Taking very comfortable seats, we chatted our way through the Mall area of Washington, DC, ogling all of the sights. Our driver got lost! Not for long, but with construction in the area, she became confused.
Along the way we saw what appeared to be some official cars, along with what surely must have been Secret Service agents near the Korean War Veterans Memorial. Hmmm....

Deciding to go it alone, I got off at the Vietnam Veterans Memorial stop. Walking the short distance, I found my initial sight to be very moving.
That said, I wanted to know more. The yellow shirted folks are the volunteers who are more than happy to answer questions. The woman I chose to approach was full of information, explaining the symbolism of everything. Stuff like the same stone is used for the walkways, as the memorial wall. The wall is polished to be reflective, the roped off grass, the diamonds, and dots, on the actual wall, and more. Her passion really added so much to the experience.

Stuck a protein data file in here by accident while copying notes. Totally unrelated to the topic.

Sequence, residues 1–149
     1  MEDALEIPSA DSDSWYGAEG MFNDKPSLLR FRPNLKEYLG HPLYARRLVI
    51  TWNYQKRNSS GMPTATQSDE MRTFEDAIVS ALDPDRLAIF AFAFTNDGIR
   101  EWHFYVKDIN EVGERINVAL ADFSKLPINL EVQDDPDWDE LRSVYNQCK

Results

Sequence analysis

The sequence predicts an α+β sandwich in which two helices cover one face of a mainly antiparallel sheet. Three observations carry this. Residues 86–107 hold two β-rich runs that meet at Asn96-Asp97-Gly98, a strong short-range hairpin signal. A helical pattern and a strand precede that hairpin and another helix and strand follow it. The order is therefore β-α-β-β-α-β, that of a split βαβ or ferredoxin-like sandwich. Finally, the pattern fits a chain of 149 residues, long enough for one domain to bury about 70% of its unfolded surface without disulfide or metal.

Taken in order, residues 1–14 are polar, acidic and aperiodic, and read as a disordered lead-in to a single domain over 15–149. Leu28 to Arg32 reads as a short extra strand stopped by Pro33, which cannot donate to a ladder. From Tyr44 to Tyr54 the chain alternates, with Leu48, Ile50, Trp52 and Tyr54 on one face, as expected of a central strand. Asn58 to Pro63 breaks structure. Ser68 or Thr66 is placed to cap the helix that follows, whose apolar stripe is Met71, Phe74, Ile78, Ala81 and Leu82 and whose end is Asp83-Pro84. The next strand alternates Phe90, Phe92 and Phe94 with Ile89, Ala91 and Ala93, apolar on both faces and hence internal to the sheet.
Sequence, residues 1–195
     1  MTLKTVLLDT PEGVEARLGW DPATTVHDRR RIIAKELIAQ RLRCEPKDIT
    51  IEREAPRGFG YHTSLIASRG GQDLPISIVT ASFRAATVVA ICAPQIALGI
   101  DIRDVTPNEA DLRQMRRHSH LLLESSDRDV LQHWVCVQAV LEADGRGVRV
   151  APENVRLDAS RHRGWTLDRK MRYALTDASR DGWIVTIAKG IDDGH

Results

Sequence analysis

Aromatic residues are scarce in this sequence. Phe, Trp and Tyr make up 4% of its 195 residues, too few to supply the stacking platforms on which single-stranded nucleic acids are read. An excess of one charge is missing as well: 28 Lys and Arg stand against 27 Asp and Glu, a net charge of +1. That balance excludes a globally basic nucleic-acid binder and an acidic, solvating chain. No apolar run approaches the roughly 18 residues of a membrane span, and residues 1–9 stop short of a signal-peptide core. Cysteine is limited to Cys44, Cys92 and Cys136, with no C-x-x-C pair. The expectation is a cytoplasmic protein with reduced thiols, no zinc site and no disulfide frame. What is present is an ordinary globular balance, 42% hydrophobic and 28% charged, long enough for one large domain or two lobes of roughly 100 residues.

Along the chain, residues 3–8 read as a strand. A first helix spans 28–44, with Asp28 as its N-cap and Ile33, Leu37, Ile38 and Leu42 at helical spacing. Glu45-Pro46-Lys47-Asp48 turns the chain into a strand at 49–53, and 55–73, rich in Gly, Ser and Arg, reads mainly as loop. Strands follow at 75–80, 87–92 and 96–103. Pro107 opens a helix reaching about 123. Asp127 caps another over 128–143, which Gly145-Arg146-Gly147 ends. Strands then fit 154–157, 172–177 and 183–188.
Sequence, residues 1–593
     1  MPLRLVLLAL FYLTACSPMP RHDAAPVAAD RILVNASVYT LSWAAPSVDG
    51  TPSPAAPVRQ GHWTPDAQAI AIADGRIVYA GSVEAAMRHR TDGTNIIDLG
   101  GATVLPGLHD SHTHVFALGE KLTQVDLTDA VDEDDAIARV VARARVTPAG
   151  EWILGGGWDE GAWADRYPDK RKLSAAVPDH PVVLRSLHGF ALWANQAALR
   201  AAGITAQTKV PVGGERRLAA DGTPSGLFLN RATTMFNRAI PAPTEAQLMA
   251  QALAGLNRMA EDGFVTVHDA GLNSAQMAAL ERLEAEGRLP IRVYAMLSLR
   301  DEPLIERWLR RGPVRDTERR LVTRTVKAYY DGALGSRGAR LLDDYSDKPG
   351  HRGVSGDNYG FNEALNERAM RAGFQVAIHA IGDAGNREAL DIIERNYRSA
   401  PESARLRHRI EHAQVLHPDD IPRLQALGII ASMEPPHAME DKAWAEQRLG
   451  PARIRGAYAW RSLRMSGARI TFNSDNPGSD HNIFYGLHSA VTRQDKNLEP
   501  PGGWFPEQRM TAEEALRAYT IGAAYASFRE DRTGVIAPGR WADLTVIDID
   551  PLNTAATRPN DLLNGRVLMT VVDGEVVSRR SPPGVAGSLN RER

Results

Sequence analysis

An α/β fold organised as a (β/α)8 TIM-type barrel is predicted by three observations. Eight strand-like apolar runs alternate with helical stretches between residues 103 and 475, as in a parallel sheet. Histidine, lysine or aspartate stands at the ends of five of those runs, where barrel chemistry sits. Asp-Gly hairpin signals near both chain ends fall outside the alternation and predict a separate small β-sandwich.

Furthermore, she explained all of the controversy surrounding the wall, including the installation of the Three Servicemen Memorial.
Even more, she insisted I would be very sorry did I not visit the Korean War Memorial. Will do, I replied! Using her excellent directions, I made my way first to the Lincoln Monument, which as most of you know is HUGE.
Just before I got to this space, I passed a stand that intrigued me...
I've since learned it is a charity bringing attention  to both prisoners of wars and missing in action soldiers from all previous wars. I can't imagine how horrible it would be to be a family member of a missing soldier although, in a few moments I will tell a little story about a woman I know who lived with just that.